• The number of job openings as of the last day of May were at 9.824 million, down slightly from 10.103 million in April and relatively in line with the estimates. There are now a little more than 1.6 job openings for every unemployment person, a ratio Powell said he would like to see at 1.1. The number of separations in the month was little changed at 5.9 million, with the number of quits rising by a quarter million to 4.0 million and the number of layoffs unchanged at 1.6 million.
  • The number of jobless claims filed the week ended July 1 was 248,000, up 12k from the prior week with the four-week average at 253,250. The number of continuing claims was 1.720 million, down slightly from the prior week and at the lowest level since February. The four-week average was 1.746 million, also down slightly.
  • There were 497,000 new private payrolls added in June, according to new data from ADP, surging in June and well past the 235,000 estimate. The most jobs were added in consumer facing industries like leisure and hospitality, health services, trade/transportation, but declining in manufacturing, information, and finance. Jobs were added in all sized markets expect large employers. Pay growth remains high but has continued to slow, now seeing an annual increase of 6.4% in June, down from 6.6% in May.
  • The number of payroll gains for the month of June was 209,000, according to the Department of Labor’s establishment survey, which was in line with expectations of 213,000 but perhaps surprising to the downside after we saw a strong ADP employment number the day prior. This was the smallest monthly payroll gain since mid-2020 when payrolls were declining. Strong job gains were seen in health care and government, and to a lesser extent leisure and hospitality, business services, and construction, with small declines in retail trade. Moving to the household survey, another measure of employment that includes small-business startups, the labor force grew 133,000, the number of people employed rose 273,000 to 160.994 million, while the number unemployed declined 140,000. This caused the unemployment rate to drop 0.1% to 3.6%. Wages grew 0.4%, a little more than the 0.3% expected and are up 4.4% from a year ago, higher than the 4.2% annual increase that was expected and ticking up from a 4.3% annual increase in May. It was a pretty ‘in line with expectations’ report.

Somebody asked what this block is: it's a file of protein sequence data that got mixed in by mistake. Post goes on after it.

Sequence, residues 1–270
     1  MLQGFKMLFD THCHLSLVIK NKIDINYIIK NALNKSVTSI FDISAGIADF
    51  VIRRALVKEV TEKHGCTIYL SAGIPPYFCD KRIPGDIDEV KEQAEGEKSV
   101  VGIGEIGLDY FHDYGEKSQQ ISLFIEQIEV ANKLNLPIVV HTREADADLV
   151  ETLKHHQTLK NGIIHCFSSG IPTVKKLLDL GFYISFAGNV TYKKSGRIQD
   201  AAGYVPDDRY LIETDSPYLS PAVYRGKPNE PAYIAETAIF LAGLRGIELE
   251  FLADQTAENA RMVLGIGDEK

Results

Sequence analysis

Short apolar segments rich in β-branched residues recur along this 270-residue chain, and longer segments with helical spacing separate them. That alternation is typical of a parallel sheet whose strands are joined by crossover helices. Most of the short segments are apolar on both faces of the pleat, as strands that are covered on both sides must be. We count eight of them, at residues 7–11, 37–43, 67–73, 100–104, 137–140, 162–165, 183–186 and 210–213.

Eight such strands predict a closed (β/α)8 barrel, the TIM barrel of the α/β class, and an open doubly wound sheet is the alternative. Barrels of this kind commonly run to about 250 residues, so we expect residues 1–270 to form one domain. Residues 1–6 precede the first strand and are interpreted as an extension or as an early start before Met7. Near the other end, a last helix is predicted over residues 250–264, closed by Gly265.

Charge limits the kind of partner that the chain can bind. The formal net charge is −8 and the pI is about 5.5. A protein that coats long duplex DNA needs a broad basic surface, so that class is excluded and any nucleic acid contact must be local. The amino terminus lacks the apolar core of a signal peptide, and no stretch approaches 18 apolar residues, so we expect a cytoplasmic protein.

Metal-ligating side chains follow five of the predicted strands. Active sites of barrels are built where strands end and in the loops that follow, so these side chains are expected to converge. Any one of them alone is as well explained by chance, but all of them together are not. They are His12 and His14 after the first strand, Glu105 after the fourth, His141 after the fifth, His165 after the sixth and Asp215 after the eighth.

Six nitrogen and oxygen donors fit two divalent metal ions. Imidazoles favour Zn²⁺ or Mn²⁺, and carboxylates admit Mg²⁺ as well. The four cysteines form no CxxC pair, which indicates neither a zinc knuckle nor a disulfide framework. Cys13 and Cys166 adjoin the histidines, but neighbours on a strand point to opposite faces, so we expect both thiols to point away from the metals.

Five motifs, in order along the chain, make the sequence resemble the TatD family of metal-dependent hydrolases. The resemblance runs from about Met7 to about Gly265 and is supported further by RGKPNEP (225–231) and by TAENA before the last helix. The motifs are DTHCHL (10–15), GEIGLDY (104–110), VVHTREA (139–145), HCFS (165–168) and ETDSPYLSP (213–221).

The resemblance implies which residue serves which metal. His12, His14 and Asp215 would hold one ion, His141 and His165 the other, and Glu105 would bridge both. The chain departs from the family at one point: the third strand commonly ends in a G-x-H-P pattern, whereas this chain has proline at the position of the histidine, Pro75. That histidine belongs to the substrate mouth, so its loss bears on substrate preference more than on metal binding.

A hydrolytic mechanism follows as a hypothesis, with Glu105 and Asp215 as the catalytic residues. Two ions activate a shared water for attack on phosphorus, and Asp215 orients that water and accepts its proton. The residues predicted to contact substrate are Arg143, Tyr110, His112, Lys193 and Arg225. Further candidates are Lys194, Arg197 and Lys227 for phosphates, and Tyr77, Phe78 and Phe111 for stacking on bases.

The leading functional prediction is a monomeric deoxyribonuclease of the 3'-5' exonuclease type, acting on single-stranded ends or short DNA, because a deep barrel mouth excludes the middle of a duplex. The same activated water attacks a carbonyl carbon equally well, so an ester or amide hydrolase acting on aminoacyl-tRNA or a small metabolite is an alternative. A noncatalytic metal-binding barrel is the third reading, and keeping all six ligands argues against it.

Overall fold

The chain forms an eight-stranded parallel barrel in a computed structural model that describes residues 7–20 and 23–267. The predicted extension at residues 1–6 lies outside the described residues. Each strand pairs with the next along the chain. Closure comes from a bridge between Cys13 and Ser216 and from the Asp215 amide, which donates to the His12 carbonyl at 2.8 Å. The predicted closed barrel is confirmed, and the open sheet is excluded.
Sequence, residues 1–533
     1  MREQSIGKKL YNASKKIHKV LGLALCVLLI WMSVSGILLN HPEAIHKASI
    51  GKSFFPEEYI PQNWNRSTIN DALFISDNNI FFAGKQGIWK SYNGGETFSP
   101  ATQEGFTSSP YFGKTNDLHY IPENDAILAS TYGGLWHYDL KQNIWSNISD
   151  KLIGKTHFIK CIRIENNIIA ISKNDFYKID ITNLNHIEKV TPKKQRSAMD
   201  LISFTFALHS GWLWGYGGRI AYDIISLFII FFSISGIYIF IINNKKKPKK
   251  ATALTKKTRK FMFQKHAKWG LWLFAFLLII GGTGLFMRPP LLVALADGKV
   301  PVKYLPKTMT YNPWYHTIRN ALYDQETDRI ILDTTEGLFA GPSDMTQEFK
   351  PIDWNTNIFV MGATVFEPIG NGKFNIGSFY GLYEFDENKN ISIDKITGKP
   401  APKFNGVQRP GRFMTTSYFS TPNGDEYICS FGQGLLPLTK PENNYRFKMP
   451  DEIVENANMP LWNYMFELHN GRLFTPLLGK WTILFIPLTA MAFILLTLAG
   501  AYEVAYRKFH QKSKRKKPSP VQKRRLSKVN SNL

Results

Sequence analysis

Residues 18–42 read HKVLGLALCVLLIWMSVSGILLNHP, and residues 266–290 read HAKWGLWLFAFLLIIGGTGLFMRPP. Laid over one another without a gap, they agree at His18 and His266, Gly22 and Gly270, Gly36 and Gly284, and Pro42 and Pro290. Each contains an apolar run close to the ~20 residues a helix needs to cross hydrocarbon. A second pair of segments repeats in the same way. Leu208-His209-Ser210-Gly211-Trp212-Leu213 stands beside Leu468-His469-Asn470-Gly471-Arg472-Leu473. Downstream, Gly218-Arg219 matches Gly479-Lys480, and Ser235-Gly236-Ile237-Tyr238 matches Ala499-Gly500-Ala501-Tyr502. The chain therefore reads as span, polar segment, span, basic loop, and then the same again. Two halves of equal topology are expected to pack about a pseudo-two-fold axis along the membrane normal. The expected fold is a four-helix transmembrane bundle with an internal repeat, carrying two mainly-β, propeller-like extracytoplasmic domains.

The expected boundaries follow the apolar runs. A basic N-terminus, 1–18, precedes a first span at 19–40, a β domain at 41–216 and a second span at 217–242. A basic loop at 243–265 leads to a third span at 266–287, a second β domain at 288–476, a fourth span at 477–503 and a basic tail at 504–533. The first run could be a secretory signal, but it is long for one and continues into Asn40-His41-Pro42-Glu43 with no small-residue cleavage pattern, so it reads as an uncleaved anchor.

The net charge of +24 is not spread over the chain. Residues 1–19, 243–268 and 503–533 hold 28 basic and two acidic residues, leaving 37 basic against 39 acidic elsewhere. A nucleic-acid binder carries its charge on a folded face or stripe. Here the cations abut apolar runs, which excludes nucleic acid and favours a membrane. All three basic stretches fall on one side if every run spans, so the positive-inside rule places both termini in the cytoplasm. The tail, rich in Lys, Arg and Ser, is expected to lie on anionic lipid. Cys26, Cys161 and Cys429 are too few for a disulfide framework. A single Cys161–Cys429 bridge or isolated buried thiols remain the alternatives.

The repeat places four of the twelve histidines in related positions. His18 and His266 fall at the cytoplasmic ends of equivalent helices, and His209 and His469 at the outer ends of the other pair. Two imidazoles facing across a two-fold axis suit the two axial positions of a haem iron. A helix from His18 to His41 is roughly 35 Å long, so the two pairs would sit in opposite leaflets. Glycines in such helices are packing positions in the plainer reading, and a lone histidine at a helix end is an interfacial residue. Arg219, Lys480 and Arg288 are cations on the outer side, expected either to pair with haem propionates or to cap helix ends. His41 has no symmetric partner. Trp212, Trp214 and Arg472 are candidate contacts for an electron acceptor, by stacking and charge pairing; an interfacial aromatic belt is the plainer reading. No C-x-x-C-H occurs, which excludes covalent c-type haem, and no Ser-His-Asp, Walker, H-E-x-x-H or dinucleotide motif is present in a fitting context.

• Mortgage rates rose to their highest level of this year, with the prime 30-year rate climbing 10 basis points this week to 6.81%, according to Freddie Mac’s weekly mortgage survey. The high water mark this cycle was 7.08% in November last year.

Company News

  • Tesla said it delivered 466,140 vehicles in the second quarter, beating the consensus estimate of 445,000 vehicles, rising 10% from the first quarter and 83% from the second quarter 2022, and the highest quarterly deliveries for the company.
  • Bloomberg reported Alibaba was exploring options and doing a strategic review of Youku and Tudou businesses as part of its overall restructuring, including injecting the businesses into Alibaba Pictures or even a separate listing. The two segments represent its video streaming platform. Alibaba later denied the report.